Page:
From: Fran Visco, President
National Breast Cancer Coalition
You have probably heard about the National Cancer Institute press release today of the results of a breast cancer trial.
Unfortunately, the National Cancer Institute has again stopped a breast cancer trial early, on the basis of interim results. A multicenter randomized placebo-controlled clinical trial of Letrozole indicated that after five years of tamoxifen therapy, and an average of 2.4 years of follow-up, the risk of breast cancer recurrence was lower in the Letrozole group.
Recurrence included local, contralateral and metastatic events. We certainly hope that long term this use of Letrozole is of benefit to women with breast cancer. However, this trial should not have been stopped.
We don't know the long term side effects, which could outweigh the benefit of fewer recurrences. More importantly, recurrence is an interim outcome measure, and is not the correct end point for this trial.
The study should not have been stopped unless a marked mortality benefit was shown for one of the two interventions or if it had been futile to continue, because no difference between the two groups was likely to emerge.
You should recall the lumpectomy vs. mastectomy trials. All data combined indicate that having a mastectomy results in fewer recurrences than lumpectomy.
Yet, over the long term, women die at the same rate regardless of which surgery they receive. If we had relied on recurrence data for assessing the relative values of the two surgeries, women would still be getting mastectomy and not lumpectomy. It is extremely important that we understand how to analyze clinical trials in order to evaluate information we receive from the research and provider communities.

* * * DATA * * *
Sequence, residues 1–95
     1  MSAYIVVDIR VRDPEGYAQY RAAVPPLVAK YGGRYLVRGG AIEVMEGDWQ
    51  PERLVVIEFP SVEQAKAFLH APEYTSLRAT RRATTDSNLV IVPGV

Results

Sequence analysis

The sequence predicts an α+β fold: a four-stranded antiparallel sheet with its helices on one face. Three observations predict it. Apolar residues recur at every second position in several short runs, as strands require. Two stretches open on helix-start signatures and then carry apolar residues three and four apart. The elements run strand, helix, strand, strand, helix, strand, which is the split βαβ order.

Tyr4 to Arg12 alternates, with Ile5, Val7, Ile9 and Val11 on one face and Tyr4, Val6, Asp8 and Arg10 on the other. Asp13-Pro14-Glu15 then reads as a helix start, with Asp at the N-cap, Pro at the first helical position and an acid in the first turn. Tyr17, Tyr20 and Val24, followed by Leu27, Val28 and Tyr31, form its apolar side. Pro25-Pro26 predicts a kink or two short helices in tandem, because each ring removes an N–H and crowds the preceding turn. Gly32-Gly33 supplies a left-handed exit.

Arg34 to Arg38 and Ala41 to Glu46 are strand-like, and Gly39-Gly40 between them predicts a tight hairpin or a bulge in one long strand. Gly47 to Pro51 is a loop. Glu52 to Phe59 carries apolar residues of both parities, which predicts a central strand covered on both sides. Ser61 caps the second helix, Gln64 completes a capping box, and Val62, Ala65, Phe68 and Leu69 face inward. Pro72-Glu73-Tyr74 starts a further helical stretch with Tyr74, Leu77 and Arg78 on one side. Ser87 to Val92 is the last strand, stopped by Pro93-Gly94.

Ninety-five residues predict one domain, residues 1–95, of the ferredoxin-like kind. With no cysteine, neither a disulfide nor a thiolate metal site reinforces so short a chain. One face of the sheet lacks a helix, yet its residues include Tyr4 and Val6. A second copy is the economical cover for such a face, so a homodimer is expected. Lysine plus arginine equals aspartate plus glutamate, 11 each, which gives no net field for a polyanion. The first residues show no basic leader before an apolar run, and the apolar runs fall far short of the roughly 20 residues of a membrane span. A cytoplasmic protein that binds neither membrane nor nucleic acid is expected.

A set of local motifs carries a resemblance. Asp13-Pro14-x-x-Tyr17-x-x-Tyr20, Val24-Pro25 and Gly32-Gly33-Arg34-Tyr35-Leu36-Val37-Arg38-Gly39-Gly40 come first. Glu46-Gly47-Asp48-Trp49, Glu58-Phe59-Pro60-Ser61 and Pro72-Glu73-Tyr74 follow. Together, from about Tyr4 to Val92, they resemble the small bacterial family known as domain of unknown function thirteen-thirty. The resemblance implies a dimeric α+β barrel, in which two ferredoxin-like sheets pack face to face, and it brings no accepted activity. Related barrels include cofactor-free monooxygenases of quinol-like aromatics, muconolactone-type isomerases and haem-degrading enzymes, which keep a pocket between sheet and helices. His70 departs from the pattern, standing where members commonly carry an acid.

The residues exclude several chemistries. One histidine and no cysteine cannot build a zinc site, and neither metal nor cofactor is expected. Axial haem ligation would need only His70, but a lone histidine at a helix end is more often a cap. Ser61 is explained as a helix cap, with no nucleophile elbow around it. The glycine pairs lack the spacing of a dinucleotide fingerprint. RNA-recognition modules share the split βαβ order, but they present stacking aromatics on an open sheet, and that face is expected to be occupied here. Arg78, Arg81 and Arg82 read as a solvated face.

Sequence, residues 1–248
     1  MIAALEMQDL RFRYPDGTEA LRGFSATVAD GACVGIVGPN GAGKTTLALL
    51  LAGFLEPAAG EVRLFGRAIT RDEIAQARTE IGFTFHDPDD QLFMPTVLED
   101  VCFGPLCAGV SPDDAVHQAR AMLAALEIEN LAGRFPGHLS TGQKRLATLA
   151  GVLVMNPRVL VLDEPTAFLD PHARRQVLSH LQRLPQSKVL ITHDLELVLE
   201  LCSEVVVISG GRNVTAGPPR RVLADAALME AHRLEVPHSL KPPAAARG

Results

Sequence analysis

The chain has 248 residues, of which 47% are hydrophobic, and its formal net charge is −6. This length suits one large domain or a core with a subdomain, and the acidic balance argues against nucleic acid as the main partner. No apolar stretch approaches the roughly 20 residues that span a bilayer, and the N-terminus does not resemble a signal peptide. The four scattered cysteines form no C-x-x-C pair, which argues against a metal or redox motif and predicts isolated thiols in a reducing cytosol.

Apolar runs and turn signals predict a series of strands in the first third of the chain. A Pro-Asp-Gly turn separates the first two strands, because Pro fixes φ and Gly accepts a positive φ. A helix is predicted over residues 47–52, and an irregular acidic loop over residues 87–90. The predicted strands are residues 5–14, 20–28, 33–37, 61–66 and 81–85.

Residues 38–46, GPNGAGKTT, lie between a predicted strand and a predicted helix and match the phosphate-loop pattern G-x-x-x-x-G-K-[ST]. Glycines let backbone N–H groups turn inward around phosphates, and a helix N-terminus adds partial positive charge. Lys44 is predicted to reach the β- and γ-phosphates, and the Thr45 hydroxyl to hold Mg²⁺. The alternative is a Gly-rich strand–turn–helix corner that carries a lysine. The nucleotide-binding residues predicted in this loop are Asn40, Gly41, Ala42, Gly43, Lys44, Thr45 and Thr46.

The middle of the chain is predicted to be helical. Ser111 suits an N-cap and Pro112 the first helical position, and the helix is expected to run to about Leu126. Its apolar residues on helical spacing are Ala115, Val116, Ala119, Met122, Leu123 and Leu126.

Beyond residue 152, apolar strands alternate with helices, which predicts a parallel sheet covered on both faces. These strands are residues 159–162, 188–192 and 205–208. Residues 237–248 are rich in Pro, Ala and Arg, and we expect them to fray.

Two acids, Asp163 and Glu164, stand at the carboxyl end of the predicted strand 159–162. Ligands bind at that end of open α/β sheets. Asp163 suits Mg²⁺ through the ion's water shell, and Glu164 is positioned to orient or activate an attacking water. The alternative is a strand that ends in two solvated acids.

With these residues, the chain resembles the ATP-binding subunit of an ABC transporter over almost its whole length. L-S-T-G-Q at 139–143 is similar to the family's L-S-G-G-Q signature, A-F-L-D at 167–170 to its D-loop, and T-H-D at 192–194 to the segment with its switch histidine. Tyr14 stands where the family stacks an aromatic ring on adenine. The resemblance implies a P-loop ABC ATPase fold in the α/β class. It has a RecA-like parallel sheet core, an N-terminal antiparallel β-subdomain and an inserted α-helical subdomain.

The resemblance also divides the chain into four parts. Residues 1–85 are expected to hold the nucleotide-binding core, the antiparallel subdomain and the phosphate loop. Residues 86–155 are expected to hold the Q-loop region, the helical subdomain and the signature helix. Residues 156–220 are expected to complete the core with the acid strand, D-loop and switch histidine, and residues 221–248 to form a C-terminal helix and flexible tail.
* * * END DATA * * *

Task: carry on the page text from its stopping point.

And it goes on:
NBCC is in the process of releasing a fact sheet on study end points that will help advocates going forward.
For your information, the letrozole trial was a double blind, placebo controlled study designed to determine whether giving patients the aromatase inhibitor, letrozole, for 5 years after they had already completed approximately 5 years of Tamoxifen therapy would improve recurrence or survival.
It looked at 5187 women who were postmenopausal, had early stage breast cancer, and had completed Tamoxifen therapy. Half got letrozole and half got placebo.
When the interim analysis was performed, the DSMB found that 132 women in the placebo group had experienced a disease recurrence, while only 75 of the women in the letrozole group had experienced recurrence.
A total of 42 women in the placebo group and 31 women in the letrozole group had died (p=0.25 for overall survival). The median follow up was 2.4 years. The Kaplan Meier estimates for four -year disease free survival were 93% in the Letrozole group and 87% in the placebo group (P<0.001).
Based upon the reductions in recurrence and the Kaplan Meier survival estimates, the DSMB decided to halt the trial, unblind the study, and notify the women.
The press releases from NCI quote the investigators as saying that based upon these findings, women should discuss 3 years of Letrozole with their doctor after completing Tamoxifen therapy.
The biggest issues here are that the follow up is extremely short and the end point of recurrence is not meaningful . Letrozole is an aromatase inhibitor like Anastrazole, and we don't have the data yet to know what the long term effects of this treatment might be, particularly in terms of osteoporosis or cognition.
We will need to continue to follow these women to determine the full side effects and benefits of this treatment. In the meantime, women need to know that we don't fully understand the long term effects of this drug yet.
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